Subset Games [Official Site] are a developer I was especially keen to speak to about Valve's Steam Play system, since Into the Breach is included as a white-listed game by Valve even though they're working on a Linux version.
Into the Breach is an interesting turn-based strategy game about the remnants of human civilization being threatened by gigantic creatures breeding beneath the earth. They confirmed back in early August that Into the Breach's Linux version was in "active development", so I thought their viewpoint might be quite interesting given the situation.
They first made it clear they are doing a Linux version, then their programmer Mathew expanded on it a bit. Here's what they had to say:
I think Steam Play is awesome. It's an unfortunate reality that providing support on multiple platforms is non-trivial for many studios, and never launching on Linux would never be done out of malice. Everybody wants as many people playing games in as many places as possible. Steam Play provides that option for games that otherwise might not get full support. It's important for us to try to provide full support when possible, but it's also good to know that there's a way for people who don't want to wait to very easily dive into Into the Breach. It's not a final solution for Linux for us because we like to be storefront agnostic as well as OS agnostic. Not everyone uses Steam in the same way that not everyone uses Windows. And we try to support as many places as possible.
Hopefully some of our readers will find that as interesting as I did. Not being tied to any particular store or operating system is a good point to make about all this.
If you missed it, you can also see our interview with the creator of DXVK, one of the projects that makes up Steam Play. There’s also the chat with Linux game porter Ethan Lee as well. On top of that, our contributor Cheeseness also posted his own Cheese Talks article on his blog about giving some of his thoughts.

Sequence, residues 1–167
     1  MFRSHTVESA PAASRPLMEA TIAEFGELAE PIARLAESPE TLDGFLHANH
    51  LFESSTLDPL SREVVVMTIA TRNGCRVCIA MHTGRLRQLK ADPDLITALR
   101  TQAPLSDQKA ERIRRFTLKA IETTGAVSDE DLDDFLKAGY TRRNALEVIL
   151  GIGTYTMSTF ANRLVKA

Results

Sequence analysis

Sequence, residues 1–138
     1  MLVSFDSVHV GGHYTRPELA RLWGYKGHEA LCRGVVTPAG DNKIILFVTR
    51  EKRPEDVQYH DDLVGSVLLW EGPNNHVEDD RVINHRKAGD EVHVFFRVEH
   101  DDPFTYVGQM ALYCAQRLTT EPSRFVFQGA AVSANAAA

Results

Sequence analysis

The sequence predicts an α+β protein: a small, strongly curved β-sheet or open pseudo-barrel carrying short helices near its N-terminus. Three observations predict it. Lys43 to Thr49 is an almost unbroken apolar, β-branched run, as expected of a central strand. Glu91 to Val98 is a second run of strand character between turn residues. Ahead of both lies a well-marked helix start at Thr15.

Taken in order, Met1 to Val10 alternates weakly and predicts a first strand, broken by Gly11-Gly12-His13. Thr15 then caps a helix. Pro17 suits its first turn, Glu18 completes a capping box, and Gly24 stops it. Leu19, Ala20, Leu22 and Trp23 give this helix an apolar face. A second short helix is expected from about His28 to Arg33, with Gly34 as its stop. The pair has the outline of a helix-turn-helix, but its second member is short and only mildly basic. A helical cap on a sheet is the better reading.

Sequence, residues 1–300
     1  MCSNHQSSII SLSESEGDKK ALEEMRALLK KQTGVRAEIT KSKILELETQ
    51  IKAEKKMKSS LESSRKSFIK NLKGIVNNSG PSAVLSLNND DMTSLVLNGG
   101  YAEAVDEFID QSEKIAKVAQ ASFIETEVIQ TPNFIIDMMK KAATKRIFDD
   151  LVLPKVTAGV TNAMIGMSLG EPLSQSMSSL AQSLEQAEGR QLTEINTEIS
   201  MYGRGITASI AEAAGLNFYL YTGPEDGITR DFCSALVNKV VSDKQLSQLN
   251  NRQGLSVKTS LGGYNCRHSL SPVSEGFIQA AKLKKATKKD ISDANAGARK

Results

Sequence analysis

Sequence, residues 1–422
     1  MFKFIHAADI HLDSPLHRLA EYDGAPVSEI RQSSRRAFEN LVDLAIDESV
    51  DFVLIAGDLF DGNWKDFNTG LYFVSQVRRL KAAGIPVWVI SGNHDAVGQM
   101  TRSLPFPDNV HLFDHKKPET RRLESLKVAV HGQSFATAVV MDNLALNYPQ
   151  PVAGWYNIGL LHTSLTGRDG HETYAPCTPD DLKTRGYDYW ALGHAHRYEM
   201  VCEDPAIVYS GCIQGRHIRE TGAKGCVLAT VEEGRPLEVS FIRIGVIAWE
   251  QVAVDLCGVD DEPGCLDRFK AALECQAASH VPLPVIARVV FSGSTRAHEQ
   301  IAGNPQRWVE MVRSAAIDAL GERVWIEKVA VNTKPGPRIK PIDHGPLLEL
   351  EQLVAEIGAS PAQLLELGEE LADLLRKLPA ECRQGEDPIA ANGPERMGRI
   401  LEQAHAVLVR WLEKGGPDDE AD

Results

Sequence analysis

As a reminder, you can see my initial thoughts about it all here. I did speak to game porters Feral Interactive in that article, although they only gave one line about plans not changing (which is good to know). Aspyr Media didn’t give a public comment for it and Virtual Programming still aren’t replying to our emails.
Regardless of how it turns out, it’s interesting to see Valve put in such effort to push Linux gaming forward. They have reasons to do so, looking after their massive wallet being the obvious one as they want Linux gaming to be profitable for them, but when the result from their work helps a number of FOSS projects and supports a platform we all enjoy using it’s hard not to appreciate it.
Most people on Linux are pretty BIG on maintaining as much control as possible -- programming is no different -- why license and deploy proprietary dependencies when a in-house alternative can be a better fit.
A good example is there used to be a WordPress plugin -- NextGEN Gallery, that got sold and bought, and come version 2.0, the JSON API completely changed thereby ruining weeks of work due to API version incompatibility.
These are the kinds of problems you get when you rely on other people's software. Being Store Agnostic is a pretty smart move.
Last edited by ElectricPrism on 18 September 2018 at 12:29 am UTC
QuoteOn top of that, our contributor Cheeseness also posted his own Cheese Talks article on his blog about giving some of his thoughts.
Wow! I just read the article...
That is not an article; THAT IS A BOOK!... I am waiting for the movie adaptation.
But I think he is a bit too cavalier in dismissing the issue of sheer quantity of users. He sets out the possible good things from Steamplay/Proton like this